Henri Matisse Future

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Woman with Blue Bodice, 1935, oil on canvas, 46.0x33.0cm

Woman with Blue Bodice, 1935, oil on canvas, 46.0x33.0cm

A glamorous young woman sits in a red armchair. She is wearing a sleeveless costume of black stripes on a blue ground with daring décolletage and bright red stockings. The model is Lydia Nikolayevna Delektorskaya, a Russian who began working as Matisse’s model in 1936 and later became his secretary, assistant, and friend. In 1936, the Japanese artist Hazama Inosuke visited Matisse’s studio, saw this painting, and asked him to submit it to the Nika Exhibition. Matisse gave his willing consent, and this work was displayed in the autumn Nika Exhibition that year.

Dancer on a Divan, 1927, lithograph, 29.0x46.5cm

Dancer on a Divan, 1927, lithograph, 29.0x46.5cm

During his lifetime, Matisse produced over 800 prints, making printmaking a mainstay of his creative work. He began by experimenting with copperplate prints at the start of the 20 century and continued to work in a variety of printmaking techniques, up through the pochoir prints in Jazz, a work of his final years. In contrast to vividly colorful print works such as Jazz and his similarly colorful oil paintings, the majority of his prints were monochrome. Nonetheless, this print of a dancer slumbering deeply on a sofa somehow evokes Matisse’s brilliant colors.

Odalisque, 1927, lithograph, 55.5x46.8cm

Odalisque, 1927, lithograph, 55.5x46.8cm

This work was created in Nice during the winter of 1925-26. It is one of a series of odalisques on which Matisse focused during this period. The chair and the model are posed on the diagonal, intersecting the vertical orientation of the decorative background. The human figure is voluptuous, but the decorative character of the composition as a whole makes the treatment of the subject ambiguous. As in the 1921 Odalisque with Arms Raised, the model has boldly crossed her arms above her head, in a pose that the artist favored during this period.

Collioure, 1905, oil on cardboard, 24.5x32.4cm

Collioure, 1905, oil on cardboard, 24.5x32.4cm

Collioure is a commune in the Pyrénées-Orientales department in southern France. It is located in a picturesque setting facing the Mediterranean Sea and just 20 km from the border between France and Spain. Matisse spent the summer of 1905 there with Andre Derain and produced his first group of purely Fauvist works. This small work painted on heavy paper is a truly impressive example of Matisse’s uninhibited brushwork and bold use of color when addressing the natural beauty of southern France.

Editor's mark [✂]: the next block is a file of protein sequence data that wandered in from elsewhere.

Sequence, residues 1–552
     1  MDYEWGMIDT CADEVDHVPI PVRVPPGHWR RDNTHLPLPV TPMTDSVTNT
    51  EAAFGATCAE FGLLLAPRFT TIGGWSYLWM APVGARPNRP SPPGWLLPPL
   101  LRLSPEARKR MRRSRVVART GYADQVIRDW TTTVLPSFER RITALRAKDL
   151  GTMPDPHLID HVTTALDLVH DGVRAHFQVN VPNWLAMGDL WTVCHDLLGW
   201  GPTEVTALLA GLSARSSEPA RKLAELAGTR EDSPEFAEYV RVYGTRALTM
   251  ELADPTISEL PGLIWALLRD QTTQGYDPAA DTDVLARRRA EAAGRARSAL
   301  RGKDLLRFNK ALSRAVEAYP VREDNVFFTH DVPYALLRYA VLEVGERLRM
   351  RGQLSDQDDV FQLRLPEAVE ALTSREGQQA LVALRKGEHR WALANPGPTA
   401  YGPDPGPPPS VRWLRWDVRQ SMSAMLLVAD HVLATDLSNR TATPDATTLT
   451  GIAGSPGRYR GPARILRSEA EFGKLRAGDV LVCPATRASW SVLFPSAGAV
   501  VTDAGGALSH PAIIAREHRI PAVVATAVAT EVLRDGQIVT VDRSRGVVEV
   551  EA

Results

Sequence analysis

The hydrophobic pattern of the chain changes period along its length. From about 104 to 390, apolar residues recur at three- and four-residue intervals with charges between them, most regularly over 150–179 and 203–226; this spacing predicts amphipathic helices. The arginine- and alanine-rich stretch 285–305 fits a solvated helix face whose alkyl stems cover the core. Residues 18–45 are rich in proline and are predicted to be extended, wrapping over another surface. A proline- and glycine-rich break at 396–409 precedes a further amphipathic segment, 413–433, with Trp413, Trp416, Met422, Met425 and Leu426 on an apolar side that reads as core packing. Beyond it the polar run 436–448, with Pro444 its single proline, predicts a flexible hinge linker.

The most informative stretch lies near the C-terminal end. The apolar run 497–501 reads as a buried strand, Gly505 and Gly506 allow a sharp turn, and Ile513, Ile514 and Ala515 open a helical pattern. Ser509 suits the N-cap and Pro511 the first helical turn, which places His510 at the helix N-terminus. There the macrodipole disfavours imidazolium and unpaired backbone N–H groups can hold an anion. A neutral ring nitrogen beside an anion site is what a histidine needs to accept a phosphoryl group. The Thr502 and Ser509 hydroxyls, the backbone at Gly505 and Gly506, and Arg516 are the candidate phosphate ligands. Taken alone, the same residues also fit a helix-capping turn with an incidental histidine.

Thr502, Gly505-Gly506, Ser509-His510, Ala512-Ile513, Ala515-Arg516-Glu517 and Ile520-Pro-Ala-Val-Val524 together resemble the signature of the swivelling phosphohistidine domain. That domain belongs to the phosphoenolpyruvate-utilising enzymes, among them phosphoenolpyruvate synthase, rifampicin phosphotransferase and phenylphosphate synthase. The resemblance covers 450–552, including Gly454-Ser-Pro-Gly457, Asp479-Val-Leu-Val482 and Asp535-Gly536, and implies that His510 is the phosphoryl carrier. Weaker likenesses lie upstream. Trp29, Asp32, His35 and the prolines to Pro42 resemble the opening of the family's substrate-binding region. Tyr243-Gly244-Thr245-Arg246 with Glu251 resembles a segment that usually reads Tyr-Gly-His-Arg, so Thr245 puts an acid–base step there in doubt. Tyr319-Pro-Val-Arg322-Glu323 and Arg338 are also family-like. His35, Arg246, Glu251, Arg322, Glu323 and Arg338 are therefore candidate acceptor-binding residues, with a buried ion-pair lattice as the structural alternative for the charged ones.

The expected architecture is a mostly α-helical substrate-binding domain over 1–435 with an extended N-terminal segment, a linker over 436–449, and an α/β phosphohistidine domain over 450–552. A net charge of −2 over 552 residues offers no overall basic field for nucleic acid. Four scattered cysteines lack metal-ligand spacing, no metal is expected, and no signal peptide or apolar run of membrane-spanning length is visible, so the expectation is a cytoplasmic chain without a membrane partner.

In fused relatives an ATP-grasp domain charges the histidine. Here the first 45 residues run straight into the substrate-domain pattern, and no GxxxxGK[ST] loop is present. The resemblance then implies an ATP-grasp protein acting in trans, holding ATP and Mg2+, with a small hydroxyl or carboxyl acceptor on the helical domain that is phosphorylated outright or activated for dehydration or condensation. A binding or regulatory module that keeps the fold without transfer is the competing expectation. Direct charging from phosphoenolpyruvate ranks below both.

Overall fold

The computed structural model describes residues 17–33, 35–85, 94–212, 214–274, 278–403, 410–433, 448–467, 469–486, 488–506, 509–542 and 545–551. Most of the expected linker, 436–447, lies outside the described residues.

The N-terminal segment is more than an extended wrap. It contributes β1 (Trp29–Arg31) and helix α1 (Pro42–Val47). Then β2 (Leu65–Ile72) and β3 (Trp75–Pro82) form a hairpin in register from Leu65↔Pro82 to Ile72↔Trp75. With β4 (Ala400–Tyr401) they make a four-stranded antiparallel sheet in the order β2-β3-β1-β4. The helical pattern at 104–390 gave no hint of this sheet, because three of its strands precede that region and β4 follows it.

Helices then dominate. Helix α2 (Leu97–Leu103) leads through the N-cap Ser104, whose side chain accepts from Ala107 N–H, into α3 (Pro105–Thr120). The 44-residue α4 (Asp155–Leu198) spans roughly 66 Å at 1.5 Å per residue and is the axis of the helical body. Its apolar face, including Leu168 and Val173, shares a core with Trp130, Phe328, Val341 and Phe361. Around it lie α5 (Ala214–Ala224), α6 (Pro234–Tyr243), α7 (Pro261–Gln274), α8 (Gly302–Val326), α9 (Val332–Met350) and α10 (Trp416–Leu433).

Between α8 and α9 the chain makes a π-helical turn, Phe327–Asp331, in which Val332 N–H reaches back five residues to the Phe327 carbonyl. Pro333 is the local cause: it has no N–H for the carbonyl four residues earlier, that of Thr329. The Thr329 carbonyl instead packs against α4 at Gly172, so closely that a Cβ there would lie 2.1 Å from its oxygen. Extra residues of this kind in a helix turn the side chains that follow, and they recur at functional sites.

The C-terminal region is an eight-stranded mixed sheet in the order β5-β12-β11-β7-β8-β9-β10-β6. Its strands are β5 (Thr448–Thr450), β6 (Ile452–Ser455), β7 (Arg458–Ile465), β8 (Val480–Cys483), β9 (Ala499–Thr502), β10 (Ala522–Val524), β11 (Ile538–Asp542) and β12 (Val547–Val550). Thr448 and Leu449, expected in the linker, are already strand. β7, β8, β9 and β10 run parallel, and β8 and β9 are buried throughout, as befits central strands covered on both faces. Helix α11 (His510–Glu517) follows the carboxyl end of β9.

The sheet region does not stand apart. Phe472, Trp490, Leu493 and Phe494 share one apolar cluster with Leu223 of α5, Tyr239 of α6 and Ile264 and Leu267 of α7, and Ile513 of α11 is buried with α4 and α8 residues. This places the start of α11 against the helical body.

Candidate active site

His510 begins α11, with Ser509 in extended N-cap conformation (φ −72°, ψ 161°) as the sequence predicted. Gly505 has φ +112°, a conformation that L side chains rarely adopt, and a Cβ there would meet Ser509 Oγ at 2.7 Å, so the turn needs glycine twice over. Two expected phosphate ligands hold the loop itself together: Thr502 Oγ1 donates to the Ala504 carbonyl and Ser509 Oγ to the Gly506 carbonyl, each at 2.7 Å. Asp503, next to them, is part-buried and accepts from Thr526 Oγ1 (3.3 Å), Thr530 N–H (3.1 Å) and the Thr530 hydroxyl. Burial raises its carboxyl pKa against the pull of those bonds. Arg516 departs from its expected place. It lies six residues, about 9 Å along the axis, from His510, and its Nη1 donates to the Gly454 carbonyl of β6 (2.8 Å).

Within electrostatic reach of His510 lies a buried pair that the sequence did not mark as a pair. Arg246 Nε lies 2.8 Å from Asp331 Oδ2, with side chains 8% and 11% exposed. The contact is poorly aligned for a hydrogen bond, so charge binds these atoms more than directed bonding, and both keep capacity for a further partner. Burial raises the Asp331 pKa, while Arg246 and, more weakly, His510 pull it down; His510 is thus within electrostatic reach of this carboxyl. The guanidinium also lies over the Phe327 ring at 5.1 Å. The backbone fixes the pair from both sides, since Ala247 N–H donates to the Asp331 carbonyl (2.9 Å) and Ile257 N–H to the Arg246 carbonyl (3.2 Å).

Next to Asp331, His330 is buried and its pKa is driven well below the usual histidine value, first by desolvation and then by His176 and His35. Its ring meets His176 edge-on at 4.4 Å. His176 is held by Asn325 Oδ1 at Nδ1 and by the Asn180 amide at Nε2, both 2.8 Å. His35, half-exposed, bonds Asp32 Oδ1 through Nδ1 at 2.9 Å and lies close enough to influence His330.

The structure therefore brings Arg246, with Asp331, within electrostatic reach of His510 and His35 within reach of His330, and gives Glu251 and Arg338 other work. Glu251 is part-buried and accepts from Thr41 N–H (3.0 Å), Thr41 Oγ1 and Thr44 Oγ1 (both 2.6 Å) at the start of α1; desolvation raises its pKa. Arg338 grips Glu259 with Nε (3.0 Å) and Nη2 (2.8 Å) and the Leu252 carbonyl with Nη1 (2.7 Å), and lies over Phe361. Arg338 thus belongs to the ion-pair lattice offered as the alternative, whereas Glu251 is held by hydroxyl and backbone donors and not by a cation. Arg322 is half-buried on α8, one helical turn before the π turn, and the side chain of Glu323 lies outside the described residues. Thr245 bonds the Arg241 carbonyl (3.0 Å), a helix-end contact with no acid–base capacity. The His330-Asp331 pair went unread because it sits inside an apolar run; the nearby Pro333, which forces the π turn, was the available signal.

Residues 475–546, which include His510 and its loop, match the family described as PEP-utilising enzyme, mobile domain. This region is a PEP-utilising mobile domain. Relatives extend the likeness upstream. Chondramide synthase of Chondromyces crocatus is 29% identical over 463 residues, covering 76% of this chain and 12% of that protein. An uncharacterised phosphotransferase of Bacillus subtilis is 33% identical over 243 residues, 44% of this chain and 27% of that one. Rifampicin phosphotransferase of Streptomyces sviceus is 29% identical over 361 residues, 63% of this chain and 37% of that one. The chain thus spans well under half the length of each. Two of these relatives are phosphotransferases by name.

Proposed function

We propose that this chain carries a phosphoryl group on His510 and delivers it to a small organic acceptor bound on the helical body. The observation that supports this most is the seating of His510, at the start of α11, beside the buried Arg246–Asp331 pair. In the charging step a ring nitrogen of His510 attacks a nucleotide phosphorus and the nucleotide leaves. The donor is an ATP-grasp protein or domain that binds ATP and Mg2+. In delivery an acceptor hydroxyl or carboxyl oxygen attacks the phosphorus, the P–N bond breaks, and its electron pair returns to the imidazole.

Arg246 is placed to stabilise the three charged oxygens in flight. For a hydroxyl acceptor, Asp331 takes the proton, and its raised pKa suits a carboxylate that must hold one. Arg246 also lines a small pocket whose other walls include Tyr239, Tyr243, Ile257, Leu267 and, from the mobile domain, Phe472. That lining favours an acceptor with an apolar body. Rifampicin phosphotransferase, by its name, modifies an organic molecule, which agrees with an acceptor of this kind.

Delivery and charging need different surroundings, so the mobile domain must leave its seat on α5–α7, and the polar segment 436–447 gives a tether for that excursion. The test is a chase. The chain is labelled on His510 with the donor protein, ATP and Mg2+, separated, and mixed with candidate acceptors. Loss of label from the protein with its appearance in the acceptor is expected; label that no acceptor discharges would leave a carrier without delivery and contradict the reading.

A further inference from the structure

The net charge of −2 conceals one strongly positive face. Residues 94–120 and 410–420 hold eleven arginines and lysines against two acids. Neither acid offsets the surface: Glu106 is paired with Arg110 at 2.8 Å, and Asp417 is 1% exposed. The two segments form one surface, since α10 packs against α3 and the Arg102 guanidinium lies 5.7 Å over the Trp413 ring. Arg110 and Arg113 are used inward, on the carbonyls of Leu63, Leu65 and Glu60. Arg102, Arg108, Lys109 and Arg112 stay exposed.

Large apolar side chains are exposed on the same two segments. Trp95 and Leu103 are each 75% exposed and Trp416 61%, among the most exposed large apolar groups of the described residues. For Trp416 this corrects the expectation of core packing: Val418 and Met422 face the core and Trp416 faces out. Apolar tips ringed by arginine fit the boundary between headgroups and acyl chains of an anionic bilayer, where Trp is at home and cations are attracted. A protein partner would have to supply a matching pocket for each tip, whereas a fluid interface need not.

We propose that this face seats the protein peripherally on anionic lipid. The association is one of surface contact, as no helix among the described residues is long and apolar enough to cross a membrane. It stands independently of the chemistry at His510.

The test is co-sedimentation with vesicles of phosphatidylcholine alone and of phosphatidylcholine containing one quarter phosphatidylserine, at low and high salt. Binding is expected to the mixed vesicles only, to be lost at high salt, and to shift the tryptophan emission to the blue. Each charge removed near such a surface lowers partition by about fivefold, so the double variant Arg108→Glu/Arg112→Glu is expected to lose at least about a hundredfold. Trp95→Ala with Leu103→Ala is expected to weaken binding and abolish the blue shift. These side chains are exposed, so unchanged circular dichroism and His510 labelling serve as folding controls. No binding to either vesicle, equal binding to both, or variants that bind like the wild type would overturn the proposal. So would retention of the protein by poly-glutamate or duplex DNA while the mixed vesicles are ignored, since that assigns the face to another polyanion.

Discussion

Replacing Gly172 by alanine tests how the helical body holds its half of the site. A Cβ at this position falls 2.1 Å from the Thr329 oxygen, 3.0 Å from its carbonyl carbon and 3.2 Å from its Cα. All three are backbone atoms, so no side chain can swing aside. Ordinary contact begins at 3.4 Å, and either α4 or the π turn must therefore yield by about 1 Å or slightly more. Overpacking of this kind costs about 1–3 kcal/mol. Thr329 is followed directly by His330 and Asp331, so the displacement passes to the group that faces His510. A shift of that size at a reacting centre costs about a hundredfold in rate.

Nude in the Studio, 1899, oil on paper, 66.3x50.5cm

Nude in the Studio, 1899, oil on paper, 66.3x50.5cm

A nude woman with a majestic body stands on a stage in the middle of the room. In the background, we can glimpse the artist painting her. The warm oranges of the model’s body and the greens in the background are complementary colors, intensifying her vivid presence. Matisse’s use of pointillist brushwork in this painting shows the influence of Neo-Impressionism, but the artist’s experimentation with strong colors and his placement of colors suggest that he is moving toward becoming a Fauve. It was during this period that Matisse’s colleague Marquet, apparently working at an easel side-by-side with Matisse, painted his Fauvist Nude (Musée des Beaux-Arts de Bordeaux).

Repose in the Woods, 1923, oil on canvas, 59.0x72.0cm, On loan from a private collection

Repose in the Woods, 1923, oil on canvas, 59.0x72.0cm, On loan from a private collection

From the 1920s on, Nice was the center of Matisse’s artistic activities. There he began to experiment with creating gorgeous, open spaces, bathed in the brilliant light found in the south of France. Here a reddish brown path winds its way through the green trees from the lower left to the top of the painting, emphasizing the depth of the composition. Reclining on a rattan lounge chair that seems to have been placed along the path is a woman, her arms crossed, wearing a flower-decorated hat. A book is open on her knees. She seems to be relaxing and enjoying nature. From this period, women reclining in natural settings became one of Matisse’s classic motifs.